As the economy slowly picks up, tax revenue is on the rise in Washington state. As a result, the gap between projected revenue and anticipated spending has closed a little.
Still, the revenue shortfall is still over $1 billion, which lawmakers are looking to reduce by trimming a little here and a little there from various programs. And then - as his been the pattern in Olympia for years - the Legislature will sprinkle some magic pixy dust (wishful thinking that a gusher of cash will be coming in soon). For example, lawmakers are looking at declaring that $405 million in school expenses will be paid for with a check written in the next two-year budget cycle.
Budget crisis solved, right?
Sure, until next the budget crisis. Unfortunately, that's going to hit next year, if not sooner.
Budgeting from year to year with bubble gum and duct tape is ridiculous. The Legislature needs to face fiscal reality and make the deep cut necessary to have a sustainable budget.
Two proposals being pitched in Olympia have the potential to put Washington on the right path.
One plan, SJR 8222 (which would require a vote of the people as well as the Legislature for approval), calls for a four-year balanced budget amendment to the state constitution. Forcing lawmakers to budget for four years rather than two should bring reality into focus. It would make it far more difficult to use legislative gimmicks such as putting off funding programs now by "anticipating" they can be paid for with huge revenue growth in the future.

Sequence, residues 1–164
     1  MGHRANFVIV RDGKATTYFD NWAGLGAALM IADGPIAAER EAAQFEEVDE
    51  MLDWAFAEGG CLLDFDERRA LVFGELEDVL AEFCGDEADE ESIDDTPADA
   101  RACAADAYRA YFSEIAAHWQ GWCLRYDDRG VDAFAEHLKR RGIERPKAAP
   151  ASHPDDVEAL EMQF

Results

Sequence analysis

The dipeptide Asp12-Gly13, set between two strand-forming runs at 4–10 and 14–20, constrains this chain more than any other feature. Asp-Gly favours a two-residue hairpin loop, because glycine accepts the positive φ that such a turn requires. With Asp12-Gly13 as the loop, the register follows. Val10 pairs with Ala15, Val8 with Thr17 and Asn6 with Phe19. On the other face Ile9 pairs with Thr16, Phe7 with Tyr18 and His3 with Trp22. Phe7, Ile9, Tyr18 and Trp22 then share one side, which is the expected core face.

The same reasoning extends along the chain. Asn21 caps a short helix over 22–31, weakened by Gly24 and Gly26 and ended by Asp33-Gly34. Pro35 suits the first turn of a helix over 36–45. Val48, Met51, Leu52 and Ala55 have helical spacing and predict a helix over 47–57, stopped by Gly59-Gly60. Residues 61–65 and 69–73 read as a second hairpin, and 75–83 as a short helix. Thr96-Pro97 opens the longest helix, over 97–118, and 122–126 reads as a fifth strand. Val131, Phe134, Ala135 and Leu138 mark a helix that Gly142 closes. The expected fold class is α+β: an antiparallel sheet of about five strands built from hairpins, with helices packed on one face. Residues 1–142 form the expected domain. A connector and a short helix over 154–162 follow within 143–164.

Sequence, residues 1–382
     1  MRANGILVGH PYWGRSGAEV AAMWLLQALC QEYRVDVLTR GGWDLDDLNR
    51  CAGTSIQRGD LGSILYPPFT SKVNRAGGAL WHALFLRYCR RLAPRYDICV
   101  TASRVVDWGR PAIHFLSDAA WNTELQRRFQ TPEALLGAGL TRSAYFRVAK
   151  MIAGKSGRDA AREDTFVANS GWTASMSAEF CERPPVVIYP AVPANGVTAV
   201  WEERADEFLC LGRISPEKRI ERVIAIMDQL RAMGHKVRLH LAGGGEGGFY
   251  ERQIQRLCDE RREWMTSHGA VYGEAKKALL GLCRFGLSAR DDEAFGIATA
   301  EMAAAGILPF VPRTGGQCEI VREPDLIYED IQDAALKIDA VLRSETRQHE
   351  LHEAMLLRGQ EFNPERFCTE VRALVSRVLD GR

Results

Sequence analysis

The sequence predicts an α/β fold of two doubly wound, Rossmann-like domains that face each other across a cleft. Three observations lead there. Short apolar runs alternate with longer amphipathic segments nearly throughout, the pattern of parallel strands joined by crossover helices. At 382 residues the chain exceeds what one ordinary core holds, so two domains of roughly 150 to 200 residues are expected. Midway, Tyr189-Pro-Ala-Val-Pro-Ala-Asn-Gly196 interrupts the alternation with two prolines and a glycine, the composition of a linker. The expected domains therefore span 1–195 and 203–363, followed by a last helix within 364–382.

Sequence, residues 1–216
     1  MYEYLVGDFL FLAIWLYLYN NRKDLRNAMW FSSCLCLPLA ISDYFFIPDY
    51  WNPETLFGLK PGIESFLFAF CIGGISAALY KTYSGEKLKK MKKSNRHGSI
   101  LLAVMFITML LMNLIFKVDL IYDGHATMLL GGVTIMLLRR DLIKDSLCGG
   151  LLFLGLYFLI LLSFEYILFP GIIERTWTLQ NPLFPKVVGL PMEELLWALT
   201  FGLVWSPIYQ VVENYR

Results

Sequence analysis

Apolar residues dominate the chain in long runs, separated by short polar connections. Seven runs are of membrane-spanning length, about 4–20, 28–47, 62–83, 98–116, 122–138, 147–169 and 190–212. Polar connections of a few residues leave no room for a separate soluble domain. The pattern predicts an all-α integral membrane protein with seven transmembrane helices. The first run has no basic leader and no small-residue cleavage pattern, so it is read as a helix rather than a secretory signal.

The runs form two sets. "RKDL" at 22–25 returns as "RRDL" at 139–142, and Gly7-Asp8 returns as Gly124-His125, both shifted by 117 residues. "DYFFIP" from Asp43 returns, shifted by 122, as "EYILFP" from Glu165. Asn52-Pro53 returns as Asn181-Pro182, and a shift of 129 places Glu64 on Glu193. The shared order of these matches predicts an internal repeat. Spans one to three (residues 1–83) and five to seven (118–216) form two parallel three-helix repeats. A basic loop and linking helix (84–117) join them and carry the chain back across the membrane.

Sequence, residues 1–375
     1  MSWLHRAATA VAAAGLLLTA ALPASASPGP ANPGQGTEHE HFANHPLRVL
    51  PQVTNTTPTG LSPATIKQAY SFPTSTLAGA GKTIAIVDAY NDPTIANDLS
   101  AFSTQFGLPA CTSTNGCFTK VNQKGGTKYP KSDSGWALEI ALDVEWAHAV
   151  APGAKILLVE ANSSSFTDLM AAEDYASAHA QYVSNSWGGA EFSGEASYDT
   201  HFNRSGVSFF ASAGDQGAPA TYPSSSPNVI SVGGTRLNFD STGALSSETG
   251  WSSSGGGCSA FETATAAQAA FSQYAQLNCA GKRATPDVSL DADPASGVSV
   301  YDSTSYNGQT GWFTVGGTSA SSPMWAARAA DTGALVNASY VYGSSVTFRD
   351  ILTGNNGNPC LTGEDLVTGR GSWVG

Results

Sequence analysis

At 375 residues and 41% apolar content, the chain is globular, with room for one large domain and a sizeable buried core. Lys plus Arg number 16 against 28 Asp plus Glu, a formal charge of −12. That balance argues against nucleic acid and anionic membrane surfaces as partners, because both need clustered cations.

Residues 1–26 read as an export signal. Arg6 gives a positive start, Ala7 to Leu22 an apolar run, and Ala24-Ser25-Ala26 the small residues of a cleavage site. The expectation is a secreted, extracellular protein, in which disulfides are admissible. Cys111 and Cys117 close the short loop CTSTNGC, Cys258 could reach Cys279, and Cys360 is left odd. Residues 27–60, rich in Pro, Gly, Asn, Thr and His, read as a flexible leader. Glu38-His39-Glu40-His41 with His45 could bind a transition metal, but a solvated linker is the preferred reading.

The other proposal, SHB 2607, would force the governor and lawmakers to take an even longer view of budgeting. It calls for the Office of Financial Management to publish a six-year budget outlook at the time the governor's budget is released. This will result in the Legislature having to consider the impact today's budget decisions will have in six years. No longer will it be easy to kick the can full of debt down the road.
Unfortunately, lawmakers - as evidenced by their continued use of the magic pixy dust - remain in denial that a budget built on optimistic/unrealistic projects is not sustainable.
Leadership is needed now.
Washington state can't continue to be whipsawed from one fiscal criris to the next.
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